Yep, while Web search has come a long way in the past decade, it's not quite up to reading minds (yet). Instead of typing in a long question for your next search engine query, try these tips instead:
- Use keywords or keyphrases. Be as specific as possible.
- Eliminate unnecessary words or punctuation. Most search engines don't even bother to recognize common words such as "and" or "the" anymore.
- Use quotes. If you are looking for a specific phrase, use quotes so the phrase will be searched for as one entity instead of separate words. For example, "boston red sox" instead of boston red sox.
- Factbites:Factbites endeavors to pull facts from web pages or online encyclopedias and presents them in your search results. The obvious glitch to this whole process is determining which is fact and which is fiction; however, I found that Factbites did a pretty good job of weeding out the dross.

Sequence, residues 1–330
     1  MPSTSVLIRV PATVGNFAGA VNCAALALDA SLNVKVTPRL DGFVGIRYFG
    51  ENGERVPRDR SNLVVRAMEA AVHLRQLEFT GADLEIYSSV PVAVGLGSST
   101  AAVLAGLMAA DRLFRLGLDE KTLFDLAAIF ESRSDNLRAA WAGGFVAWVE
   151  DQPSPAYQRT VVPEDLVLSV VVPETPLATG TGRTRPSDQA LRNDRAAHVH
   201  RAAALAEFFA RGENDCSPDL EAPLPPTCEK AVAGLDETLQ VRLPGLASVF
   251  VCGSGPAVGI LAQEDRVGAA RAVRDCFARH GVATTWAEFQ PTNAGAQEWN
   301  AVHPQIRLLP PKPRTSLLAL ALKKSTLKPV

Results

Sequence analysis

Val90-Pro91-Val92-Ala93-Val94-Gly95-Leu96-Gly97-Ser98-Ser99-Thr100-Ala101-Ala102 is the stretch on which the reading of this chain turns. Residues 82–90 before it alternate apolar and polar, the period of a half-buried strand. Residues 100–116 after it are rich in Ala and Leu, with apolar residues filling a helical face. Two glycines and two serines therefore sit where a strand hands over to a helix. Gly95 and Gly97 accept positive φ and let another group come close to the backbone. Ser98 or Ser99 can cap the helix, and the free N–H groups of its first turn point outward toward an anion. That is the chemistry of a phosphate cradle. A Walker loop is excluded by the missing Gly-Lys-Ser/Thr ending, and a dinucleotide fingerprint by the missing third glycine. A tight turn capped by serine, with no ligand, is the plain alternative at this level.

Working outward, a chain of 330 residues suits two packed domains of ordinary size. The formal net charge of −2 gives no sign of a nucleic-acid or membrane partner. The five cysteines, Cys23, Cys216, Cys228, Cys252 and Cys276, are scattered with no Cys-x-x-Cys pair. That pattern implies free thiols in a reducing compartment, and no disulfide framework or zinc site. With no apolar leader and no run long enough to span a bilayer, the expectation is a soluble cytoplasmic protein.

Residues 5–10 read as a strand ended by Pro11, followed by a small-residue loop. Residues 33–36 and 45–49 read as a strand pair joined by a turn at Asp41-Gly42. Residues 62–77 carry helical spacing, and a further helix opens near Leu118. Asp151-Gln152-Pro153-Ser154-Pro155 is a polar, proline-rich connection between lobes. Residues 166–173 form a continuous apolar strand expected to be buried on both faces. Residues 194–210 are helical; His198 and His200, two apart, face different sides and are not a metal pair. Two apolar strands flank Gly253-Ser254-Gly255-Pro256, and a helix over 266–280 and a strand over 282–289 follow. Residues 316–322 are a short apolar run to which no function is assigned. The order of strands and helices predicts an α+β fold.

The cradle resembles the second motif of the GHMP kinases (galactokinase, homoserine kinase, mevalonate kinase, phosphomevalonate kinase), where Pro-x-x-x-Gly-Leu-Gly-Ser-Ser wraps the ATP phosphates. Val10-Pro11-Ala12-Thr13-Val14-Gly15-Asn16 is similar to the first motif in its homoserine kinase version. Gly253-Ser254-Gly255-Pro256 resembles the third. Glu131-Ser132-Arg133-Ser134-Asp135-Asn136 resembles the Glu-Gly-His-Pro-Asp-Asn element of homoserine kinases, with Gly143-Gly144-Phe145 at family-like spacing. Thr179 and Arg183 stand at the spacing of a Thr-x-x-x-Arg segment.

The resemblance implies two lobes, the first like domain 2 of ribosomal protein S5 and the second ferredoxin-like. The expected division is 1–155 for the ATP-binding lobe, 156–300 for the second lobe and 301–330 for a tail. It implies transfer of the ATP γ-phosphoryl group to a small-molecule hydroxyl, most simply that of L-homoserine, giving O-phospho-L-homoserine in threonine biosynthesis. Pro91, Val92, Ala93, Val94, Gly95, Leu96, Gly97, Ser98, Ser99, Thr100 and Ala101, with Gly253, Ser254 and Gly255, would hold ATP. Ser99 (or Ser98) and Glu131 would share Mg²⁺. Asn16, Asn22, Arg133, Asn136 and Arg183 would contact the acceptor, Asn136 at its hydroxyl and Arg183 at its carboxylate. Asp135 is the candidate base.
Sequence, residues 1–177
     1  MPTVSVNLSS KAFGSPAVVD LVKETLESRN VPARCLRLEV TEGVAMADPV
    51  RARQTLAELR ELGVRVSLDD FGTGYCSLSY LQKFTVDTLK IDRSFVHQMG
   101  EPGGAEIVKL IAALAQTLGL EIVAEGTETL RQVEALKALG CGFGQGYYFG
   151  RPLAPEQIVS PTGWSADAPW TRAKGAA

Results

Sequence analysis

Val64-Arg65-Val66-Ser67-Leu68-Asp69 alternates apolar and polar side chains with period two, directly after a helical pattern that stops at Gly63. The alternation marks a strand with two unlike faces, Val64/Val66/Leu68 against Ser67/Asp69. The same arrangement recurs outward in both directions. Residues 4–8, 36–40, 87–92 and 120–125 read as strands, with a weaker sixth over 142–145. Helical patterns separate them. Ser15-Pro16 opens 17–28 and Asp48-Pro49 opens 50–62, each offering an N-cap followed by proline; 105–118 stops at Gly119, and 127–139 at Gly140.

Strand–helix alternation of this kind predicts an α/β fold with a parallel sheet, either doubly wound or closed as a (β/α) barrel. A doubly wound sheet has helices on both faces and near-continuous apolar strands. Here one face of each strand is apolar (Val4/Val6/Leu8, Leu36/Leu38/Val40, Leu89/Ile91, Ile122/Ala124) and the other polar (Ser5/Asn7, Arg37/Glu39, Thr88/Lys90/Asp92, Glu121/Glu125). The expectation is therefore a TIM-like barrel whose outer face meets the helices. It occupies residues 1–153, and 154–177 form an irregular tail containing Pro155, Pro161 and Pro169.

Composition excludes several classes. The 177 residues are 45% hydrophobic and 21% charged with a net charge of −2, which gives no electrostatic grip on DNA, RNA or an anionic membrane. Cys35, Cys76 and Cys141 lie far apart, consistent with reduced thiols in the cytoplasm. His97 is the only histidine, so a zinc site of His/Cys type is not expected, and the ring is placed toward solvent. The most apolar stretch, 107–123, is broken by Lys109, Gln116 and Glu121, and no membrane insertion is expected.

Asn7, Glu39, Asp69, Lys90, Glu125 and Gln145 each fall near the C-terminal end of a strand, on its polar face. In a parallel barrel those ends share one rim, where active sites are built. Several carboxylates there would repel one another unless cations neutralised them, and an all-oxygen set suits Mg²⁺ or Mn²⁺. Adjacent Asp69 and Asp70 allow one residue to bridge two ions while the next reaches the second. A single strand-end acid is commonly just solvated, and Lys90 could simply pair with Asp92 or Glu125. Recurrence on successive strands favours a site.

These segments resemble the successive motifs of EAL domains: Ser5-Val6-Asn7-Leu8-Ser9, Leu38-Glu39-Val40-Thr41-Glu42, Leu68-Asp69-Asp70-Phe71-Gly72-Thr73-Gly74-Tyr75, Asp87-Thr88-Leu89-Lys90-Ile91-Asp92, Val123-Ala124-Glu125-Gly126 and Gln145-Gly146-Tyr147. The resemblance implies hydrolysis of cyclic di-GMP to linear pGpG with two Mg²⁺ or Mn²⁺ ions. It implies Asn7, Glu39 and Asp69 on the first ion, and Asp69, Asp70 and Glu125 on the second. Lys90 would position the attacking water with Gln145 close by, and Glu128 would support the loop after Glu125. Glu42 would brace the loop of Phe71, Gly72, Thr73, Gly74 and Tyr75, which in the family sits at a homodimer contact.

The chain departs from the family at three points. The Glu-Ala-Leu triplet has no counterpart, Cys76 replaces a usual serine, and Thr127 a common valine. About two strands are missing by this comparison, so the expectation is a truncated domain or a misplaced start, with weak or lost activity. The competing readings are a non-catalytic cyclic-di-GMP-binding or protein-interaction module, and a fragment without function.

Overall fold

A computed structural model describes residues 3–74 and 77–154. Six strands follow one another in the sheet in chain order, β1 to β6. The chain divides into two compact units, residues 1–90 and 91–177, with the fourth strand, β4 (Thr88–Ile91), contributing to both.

- Answers.com:Answers.com is an innovative way to find answers on the Web, without searching for them. Instead of going to your favorite search engine and typing in a query, then sorting through various links to find the answer that you are looking for, Answers.com "displays quick, snapshot answers with concise, reliable information."
- Brainboost:BrainBoost is an automated question-answering search engine. Here's how it works: you type in a question, and instead of merely matching your search query in page text and titles like other search engines, BrainBoost actually goes the next logical step and sorts through the search results for you, then extracts the answer to your question.